• [0023]
    In one implementation, the application identifier is derived from an executable file name of the application. For example, the first two characters of the corresponding executable file name of the application may be added in the option field of the analyzed data packet (accordingly, the characters “sk” may be included for a Skype application). In this case, the size of the data packet is increased by four bytes.
  • [0024]
    Since the value of the packet size field in an IP header of the analyzed data packet is increased after including an application identifier into it, a cyclic redundancy check field of a header of the analyzed data packet may be recalculated.
  • [0025]
    According to a further aspect, a method of validating a mechanism for classifying network traffic is provided. The method comprises the steps of receiving at least one data flow of the network traffic, the data flow comprising data packets and at least one of the data packets of the data flow including an application identifier assigned to the data flow in accordance with a first mechanism for classifying network traffic, the application identifier classifying the data flow with respect to an application that has generated the data flow, analyzing at least one of the data packets of the received data flow in order to determine a first classification of the data flow based on an application identifier included in the analyzed data packet, providing a second classification of the data flow by means of a second mechanism for classifying network traffic that is different from the first mechanism for classifying network traffic and validating the second classification mechanism for classifying network traffic by comparing the first and the second classification of the network traffic.
  • [0026]
    Network traffic is classified by the first classification mechanism and the second classification mechanism. The second classification mechanism may thus be validated by means of the first classification mechanism. The first classification mechanism may be independent from the second classification mechanism and may represent a sort of reference mechanism for the second classification mechanism. Therefore, by comparing the first and the second classifications of the network traffic, the second classification mechanism may be validated, i.e. its accuracy may be determined. As an example, the first classification mechanism is based on the present (active) technique for classifying network traffic and the second classification mechanism traffic is based on a passive method for classifying network traffic.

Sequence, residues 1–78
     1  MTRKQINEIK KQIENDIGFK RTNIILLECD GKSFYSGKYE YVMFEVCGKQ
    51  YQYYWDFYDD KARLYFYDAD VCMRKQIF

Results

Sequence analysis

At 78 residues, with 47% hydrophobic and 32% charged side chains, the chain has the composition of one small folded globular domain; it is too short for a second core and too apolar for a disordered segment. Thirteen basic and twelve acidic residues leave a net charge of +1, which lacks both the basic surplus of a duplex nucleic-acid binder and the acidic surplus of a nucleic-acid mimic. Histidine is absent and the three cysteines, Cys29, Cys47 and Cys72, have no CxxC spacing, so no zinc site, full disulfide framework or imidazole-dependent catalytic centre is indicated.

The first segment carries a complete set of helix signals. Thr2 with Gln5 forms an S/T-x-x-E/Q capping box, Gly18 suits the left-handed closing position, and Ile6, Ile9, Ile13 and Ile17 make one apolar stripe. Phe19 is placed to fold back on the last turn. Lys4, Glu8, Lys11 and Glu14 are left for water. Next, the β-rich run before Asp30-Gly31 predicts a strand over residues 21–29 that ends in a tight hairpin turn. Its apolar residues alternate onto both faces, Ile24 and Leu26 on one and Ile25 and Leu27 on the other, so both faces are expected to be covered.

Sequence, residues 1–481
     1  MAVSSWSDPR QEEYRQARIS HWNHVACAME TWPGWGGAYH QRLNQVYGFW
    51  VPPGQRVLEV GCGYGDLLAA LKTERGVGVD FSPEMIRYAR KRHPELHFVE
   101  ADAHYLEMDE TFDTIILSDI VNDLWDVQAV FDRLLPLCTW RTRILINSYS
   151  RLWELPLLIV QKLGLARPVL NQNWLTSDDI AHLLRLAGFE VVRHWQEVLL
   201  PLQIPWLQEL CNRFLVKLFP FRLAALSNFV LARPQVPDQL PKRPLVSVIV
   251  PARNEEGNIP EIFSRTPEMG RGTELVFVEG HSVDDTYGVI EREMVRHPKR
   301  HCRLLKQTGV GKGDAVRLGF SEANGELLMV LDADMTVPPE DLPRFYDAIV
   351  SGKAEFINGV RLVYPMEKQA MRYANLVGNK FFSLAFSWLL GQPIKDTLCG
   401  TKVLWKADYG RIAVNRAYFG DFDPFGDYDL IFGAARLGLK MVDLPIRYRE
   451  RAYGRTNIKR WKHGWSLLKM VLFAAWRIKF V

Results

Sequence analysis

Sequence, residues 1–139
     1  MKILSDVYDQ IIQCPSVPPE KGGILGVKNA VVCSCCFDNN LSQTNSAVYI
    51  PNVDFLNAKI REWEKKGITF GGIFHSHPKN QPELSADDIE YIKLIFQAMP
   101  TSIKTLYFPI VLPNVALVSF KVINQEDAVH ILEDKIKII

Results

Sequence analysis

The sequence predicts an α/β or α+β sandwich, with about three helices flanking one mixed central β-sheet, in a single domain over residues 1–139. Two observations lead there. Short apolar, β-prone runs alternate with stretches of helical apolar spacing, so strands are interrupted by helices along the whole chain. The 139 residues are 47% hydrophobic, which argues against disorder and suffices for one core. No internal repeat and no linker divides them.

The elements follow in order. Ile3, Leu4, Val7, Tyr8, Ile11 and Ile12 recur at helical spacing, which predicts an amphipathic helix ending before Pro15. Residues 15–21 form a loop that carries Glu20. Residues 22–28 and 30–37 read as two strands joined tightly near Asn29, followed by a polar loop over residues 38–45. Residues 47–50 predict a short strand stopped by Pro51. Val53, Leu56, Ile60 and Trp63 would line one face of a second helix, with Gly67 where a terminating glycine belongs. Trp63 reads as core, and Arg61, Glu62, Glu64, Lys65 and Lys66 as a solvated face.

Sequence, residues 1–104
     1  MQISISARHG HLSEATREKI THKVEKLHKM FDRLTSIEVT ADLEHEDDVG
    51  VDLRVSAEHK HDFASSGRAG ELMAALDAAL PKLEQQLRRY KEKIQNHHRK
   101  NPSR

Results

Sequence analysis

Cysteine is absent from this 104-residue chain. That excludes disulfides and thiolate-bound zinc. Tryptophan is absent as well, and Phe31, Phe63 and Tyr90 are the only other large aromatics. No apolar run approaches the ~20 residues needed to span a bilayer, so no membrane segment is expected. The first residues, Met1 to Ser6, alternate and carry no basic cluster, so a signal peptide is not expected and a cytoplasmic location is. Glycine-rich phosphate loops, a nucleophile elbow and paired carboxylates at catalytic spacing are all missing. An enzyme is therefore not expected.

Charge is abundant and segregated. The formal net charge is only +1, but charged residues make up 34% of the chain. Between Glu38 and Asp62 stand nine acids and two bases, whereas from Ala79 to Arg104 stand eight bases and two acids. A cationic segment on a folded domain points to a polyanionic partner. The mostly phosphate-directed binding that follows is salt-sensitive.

• [0027]
    The techniques presented herein can be practiced in the form of hardware, in the form of software and in the form of a combined hardware/software approach. As for a software aspect, a computer program product is provided. The computer program product comprises program code portions for performing one or more of the steps of the methods and techniques described above when the computer program product is run on one or more components of a network. The computer program product may be stored on a computer readable recording medium.
  • [0028]
    As for a hardware aspect, a device (e.g. a terminal device) for classifying network traffic in the form of data packets generated by multiple applications installed on the device is provided. The device comprises a function for receiving data packets belonging to one or more data flows, each data flow including the data packets generated by a specific one of the multiple applications, a function for analyzing the received data packets to identify the application associated with each analyzed data packet, and a function for classifying at least one data flow by including an application identifier in at least one of the analyzed data packets of this data flow. Each function may be realized as a hardware or software module
  • [0029]
    The device may further comprise a network driver component. The network driver component may comprise the function for analyzing the received data packets and the function for classifying at least one data flow. In one implementation, the function for analyzing the received data packets and the function for classifying at least one data flow are included in a protocol layer below an IP layer.
  • [0030]
    According to a further hardware aspect, an apparatus for validating a mechanism for classifying network traffic is provided. The apparatus comprises a function for receiving at least one data flow of the network traffic, the data flow comprising data packets and at least one of the data packets of the data flow including an application identifier assigned to the data flow in accordance with a first mechanism for classifying network traffic, the application identifier classifying the data flow with respect to an application that has generated the data flow, a function for analyzing at least one of the data packets of the at least one received data flow in order to determine a first classification of the data flow based on an application identifier included in the analyzed data packet, a function for providing a second classification of the data flow by means of a second mechanism for classifying network traffic that is different from the first mechanism for classifying network traffic and a function for validating the second classification mechanism for classifying network traffic by comparing the first and the second classifications.
  • [0031]
    In one implementation, the function for receiving at least one data flow, the function for analyzing at least one of the data packets, the function for providing a second classification of the data flow and the function for validating the second classification mechanism are included in a single network element, e.g. a network node.